Ambush was scheduled to conduct her maiden operations sometime in 2014. She has already conducted trials, linking up with RFA Diligence. She has also conducted torpedo and Tomahawk cruise missile tests, with early signs showing that they were successful. Ambush sailed down to Brazil in 2014 and also made a port call in Port Canaveral. In April 2015, Ambush participated in Exercise Joint Warrior, the largest military exercise held in Europe, alongside 55 other naval ships of NATO navies. She further participated in Exercise Dynamic Manta 15. In August 2015, The Sun reported that Ambush had conducted reconnaissance off the coast of Libya to locate targets for potential strikes against ISIS.

On 20 July 2016, while surfacing on an exercise in the Strait of Gibraltar, Ambush was in collision with the Panama flagged merchant ship Andreas, sustaining significant damage to the top of her conning tower where some of her sonar equipment is housed. It was reported that no crew members were injured during the collision and that the submarine's nuclear reactor section remained completely undamaged. Repairs were estimated to have cost £3 million to complete.


Queen Hatshepsut

Although the status of women in ancient Egypt was higher than in any other ancient civilization, the notion that a woman could be king was abhorrent to the Egyptians. Yet, a woman did become king and not just an ordinary king. She became the first great woman in recorded history, the forerunner of such figures as Cleopatra, Elizabeth I, and Catherine the Great. Her name was Hatshepsut and she ruled as pharaoh for fifteen years. Sadly, after her death the Egyptians, who were a deeply conservative people, obliterated her memory so that later pharaohs such as Ramses II and Cleopatra would have been ignorant of her existence.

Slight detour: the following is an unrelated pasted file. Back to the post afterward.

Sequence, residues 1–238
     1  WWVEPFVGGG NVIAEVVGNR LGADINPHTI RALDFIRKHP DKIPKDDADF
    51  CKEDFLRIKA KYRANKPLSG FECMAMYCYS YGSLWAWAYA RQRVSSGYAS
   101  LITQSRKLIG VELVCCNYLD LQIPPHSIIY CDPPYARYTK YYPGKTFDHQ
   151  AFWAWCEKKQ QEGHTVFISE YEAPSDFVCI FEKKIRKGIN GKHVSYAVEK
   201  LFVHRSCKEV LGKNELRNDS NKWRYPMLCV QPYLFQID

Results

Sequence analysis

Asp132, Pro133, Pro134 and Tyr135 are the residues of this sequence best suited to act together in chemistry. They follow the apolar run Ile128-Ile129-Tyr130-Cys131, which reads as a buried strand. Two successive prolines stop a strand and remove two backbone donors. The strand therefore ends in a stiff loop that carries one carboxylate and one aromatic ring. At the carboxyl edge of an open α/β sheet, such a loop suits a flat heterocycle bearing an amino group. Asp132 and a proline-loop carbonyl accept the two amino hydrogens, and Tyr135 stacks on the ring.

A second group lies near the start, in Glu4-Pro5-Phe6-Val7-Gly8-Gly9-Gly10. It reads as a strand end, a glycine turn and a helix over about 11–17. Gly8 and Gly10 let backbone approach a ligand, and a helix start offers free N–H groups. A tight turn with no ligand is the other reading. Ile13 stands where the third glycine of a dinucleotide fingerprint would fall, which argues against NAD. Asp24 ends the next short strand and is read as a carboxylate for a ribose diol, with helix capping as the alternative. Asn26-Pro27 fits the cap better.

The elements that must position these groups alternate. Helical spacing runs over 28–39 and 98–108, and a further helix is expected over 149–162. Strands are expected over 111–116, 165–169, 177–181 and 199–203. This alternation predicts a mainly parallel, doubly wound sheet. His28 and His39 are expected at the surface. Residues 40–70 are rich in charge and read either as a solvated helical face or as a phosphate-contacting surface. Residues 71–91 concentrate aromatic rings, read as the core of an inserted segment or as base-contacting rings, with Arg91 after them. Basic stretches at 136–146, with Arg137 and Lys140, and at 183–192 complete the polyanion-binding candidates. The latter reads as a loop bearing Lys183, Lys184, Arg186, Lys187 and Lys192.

Hatshepsut’s grandfather, Ahmose I, defeated the Hyksos who had invaded Lower Egypt and occupied it for more than one hundred years during the Second Intermediate Period. It was he who inaugurated the New Kingdom and the eighteenth dynasty, giving rise to some of the most extraordinary characters in ancient Egyptian history.

Hatshepsut was descended from a number of strong women, including Aahotep, the mother of King Ahmose I. Aahotep was a military leader and she received the “Golden Flies” awarded to soldiers who fought courageously.
When Ahmose died, his son Amenhotep became pharaoh but he left no male heirs. Thutmose I, a commoner and army general, became king by marrying Amenhotep’s sister Nefertiri.
Thutmose I was a strong pharaoh and, with his large professional army, made conquests south into Nubia and north as far as the Euphrates River; the farthest any pharaoh had gone up to that time. He erected two large obelisks at Karnak Temple and began the tradition of royal burials in the Valley of the Kings.

Although Thutmose had three sons and two daughters by his great wife, only one of these children was alive when he died: the twelve-year-old Hatshepsut. Thutmose did have a son by a minor wife, also called Thutmose, and to strengthen his claim to the throne, this son was married to Hatshepsut.